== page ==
Nephrite of pebble material; very well hollowed, with a recessed foot 17401850 Height: 7.42 cm Mouth/lip: 0.71/2.33 and 2.21 cm (one area of the circle flattened) Stopper: jadeite; gilt-silver collar
Condition: some small scratches and wear in the surface from use; otherwise, workshop condition
Provenance: Christie's, Hong Kong, 1 October 1991, lot 1262 Hugh M. Moss Ltd. (Hong Kong, 1993)
Published: Treasury 1, no. 9
We have already discussed at some length the broad group of often very exciting bottles from which this comes and noted a reference to them by Zhao Zhiqian in the 1860s (Moss, Graham, and Tsang 1993, p. 98, but also see discussion under Sale 3, lot 82). Two additional stunning examples from the Edith Griswold Collection are illustrated by Perry 1960, nos. 88 and 89.
This is one of the more unusual and exciting examples from the group. The skin of the pebble was obviously covered with undulating, well smoothed depressions, but it was large enough to produce one relatively flat face that remained completely and evenly covered with skin (if roughly spherical, the original stone must have had a radius of some two to three feet). As the craftsman ground away the higher areas of the skin to make a relatively flat surface, those areas took on a paler colour as the core material came close to being exposed, while the lower areas, where less skin was removed, retained the darkest colour. Some of the darker patches are still very slightly indented, giving a pleasant texture to the otherwise flat surface and suggesting that the artist, having taken the skin down to this level, decided to sacrifice a perfectly flat surface for a far more intriguing one in terms of colour and texture. Another half millimetre or so, which would have evened out the slight depressions, would also have removed the paler orange-russet skin that creates such a powerful visual matrix for the darker markings.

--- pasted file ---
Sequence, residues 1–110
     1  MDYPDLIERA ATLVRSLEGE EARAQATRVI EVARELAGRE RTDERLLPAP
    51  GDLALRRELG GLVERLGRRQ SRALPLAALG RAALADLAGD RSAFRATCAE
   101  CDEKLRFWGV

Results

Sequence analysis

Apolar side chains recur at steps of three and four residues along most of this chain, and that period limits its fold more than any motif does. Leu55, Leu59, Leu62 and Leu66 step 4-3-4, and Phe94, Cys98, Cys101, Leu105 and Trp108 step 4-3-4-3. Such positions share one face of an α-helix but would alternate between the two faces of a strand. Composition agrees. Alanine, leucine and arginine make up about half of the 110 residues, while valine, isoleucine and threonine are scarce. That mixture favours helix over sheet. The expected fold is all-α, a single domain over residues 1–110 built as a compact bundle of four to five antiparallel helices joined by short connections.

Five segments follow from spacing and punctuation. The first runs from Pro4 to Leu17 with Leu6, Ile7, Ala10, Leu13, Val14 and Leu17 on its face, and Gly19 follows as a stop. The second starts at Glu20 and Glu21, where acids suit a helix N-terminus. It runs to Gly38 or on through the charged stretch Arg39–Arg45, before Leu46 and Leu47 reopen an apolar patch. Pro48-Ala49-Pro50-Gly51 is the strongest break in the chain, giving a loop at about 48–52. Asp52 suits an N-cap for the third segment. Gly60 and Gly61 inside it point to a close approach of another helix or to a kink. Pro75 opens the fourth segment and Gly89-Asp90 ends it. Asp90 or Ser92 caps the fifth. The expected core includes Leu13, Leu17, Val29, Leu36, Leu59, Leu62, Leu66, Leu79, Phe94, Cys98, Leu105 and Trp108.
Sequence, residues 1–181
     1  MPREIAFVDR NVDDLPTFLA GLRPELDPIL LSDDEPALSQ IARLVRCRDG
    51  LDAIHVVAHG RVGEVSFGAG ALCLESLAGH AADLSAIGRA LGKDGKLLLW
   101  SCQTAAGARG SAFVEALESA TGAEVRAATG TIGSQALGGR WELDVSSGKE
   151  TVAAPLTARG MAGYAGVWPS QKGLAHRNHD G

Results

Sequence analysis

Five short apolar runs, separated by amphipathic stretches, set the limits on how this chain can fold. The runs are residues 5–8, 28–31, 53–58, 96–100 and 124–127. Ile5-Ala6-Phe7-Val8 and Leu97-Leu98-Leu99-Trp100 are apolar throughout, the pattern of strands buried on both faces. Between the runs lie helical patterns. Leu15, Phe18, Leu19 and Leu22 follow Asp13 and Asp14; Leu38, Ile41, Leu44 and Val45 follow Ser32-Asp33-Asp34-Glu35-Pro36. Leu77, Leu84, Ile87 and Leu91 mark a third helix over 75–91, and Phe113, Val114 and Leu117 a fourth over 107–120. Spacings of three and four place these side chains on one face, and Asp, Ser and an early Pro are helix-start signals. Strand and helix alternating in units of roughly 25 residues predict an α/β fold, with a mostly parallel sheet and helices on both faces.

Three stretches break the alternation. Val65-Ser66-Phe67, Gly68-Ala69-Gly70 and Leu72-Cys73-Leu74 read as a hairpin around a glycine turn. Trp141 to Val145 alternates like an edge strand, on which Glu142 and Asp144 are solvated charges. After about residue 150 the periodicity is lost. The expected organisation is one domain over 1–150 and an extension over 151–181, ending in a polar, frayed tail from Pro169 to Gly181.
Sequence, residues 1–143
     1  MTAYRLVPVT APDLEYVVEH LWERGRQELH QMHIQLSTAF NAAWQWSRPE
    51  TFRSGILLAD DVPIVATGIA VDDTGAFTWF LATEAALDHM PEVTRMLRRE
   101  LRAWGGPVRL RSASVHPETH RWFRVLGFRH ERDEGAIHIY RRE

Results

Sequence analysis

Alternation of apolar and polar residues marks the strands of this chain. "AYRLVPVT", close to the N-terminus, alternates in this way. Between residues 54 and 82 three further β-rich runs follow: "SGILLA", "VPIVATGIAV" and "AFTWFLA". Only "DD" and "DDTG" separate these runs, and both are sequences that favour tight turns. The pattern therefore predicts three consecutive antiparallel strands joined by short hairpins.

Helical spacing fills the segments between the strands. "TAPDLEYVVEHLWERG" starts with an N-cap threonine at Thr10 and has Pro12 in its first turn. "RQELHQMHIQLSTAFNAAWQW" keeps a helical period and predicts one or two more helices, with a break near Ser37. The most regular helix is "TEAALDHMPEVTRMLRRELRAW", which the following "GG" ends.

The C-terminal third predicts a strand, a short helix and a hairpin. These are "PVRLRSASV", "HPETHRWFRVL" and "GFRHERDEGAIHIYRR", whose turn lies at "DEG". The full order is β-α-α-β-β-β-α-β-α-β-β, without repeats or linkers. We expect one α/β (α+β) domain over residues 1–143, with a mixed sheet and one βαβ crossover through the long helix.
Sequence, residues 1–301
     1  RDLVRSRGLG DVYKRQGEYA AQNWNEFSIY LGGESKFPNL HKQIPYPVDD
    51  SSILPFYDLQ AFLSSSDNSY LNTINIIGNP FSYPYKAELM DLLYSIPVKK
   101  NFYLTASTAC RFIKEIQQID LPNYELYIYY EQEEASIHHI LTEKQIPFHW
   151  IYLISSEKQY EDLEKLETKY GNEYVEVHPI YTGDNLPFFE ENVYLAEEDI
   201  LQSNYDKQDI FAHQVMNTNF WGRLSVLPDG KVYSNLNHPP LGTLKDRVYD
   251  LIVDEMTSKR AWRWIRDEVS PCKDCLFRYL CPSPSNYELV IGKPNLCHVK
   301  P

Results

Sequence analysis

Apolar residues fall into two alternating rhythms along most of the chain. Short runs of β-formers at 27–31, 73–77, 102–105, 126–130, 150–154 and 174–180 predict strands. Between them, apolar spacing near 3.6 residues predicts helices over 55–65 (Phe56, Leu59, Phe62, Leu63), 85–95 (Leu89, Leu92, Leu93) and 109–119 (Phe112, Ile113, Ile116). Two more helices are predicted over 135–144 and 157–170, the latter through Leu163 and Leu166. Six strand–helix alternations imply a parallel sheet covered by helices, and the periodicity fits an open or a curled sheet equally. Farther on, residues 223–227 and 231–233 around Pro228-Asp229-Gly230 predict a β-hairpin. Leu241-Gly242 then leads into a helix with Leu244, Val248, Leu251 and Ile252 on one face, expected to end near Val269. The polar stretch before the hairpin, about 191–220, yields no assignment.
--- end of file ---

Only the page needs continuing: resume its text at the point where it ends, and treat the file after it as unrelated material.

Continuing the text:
This bottle is also powerful formally. It is thicker than most of the group, allowing a more generous feeling and, therefore, greater presence, but it also shares with the extraordinary example in the J & J Collection (Moss, Graham, and Tsang 1993, no. 41) a bulging curve to the side profile. Here it is confined to one face, but that is quite enough to give an air of solid importance to the form, as if it were so confident of its capacity as sculpture that it had thrown out its chest proudly.